Physicochemical parameters are critical for the efficacy of CSI treatment in terms of the speciation of both metals in water. The higher levels of both metal ions, the better treatment effectiveness. While pH plays an important role in the speciation of copper (i.e., copper ion levels decrease significantly under alkaline pH), silver ions are relatively stable in the pH range of 6–9. Some chemical parameters (e.g., chloride and phosphates added for chlorination and corrosion control, respectively) react with copper and silver ions, and consequently these metal complexes diminish their microbiocidal power [111,112,113]. Moreover, the latter metal complex chlorargyrite (AgCl(s)) contributes to the purple/grey stains in bathroom porcelain [114]. Other physicochemical parameters such as organic carbon, calcium, magnesium, bicarbonate, and temperature do not appear to impact the treatment efficacy of CSI [112]. In addition to its treatment efficacy, Zhang and Andrews reportedaccelerated chlorine decay and increased disinfection byproduct formation at pH 8.6 in the presence of copper ions and natural organic matter [115]. CSI may result in corrosion under some conditions in water plumbing similar to other chemical disinfectants (e.g., chlorine, chloramine, chlorine dioxide, and ozone) [82,116,117].

3.1.3. Ozonation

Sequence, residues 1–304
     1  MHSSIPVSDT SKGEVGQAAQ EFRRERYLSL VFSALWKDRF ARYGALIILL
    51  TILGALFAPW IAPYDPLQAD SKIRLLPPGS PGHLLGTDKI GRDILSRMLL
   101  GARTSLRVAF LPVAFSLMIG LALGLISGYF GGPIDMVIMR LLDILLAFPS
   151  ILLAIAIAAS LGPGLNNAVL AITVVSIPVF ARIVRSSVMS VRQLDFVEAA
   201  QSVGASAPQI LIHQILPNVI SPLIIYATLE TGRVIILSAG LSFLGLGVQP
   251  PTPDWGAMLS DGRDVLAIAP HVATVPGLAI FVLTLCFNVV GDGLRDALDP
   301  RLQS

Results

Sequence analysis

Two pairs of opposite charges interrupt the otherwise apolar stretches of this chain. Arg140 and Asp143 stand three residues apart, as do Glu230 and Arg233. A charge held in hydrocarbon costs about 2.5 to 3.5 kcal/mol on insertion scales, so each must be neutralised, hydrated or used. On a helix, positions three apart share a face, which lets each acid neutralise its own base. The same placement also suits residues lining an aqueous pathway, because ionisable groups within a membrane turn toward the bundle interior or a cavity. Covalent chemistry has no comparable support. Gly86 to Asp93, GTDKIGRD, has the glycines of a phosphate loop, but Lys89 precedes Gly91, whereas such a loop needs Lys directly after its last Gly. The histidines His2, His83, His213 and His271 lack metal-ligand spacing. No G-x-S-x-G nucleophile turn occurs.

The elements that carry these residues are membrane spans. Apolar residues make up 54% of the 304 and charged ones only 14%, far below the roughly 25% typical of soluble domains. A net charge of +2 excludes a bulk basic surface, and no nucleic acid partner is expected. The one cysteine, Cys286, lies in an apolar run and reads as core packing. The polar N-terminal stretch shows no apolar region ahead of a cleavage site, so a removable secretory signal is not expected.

Ozonation is another method used to treat pathogens that are present in water, as it has two different mechanisms used for inactivation [118]. First, ozone oxidizes the sulfhydryl groups and amino acids of a variety of cell components, such as enzymes, peptides, and proteins, and creates shorter peptides [118]. Secondly, ozone oxidizes polyunsaturated fatty acids to acidic peroxides, causing degradation of the cell envelope [118]. Together, these mechanisms disrupt the cell and result in leakage of the cellular contents [118]. Domingue et al. examined the effectiveness of ozone on L. pneumophila serogroup 1 at different levels of pH and temperatures [119]. The log inactivation at each of the tested levels is shown in Table 4 [119]. All the various combinations achieved at least a 2-log reduction, showing that ozone is an effective method at inactivating L. pneumophila [119].
Another study analyzed the effect of ozonation on a premise plumbing system over the course of three years; the results are shown in Table 5 [120]. When compared to the previous three years, there was not a significant decrease in the percent of positive samples [120]. Furthermore, the average concentration of Legionella present in the positive samples was not significantly different before and after ozonation [120]. Therefore, ozonation was not an effective remediation strategy for this premise plumbing system [120].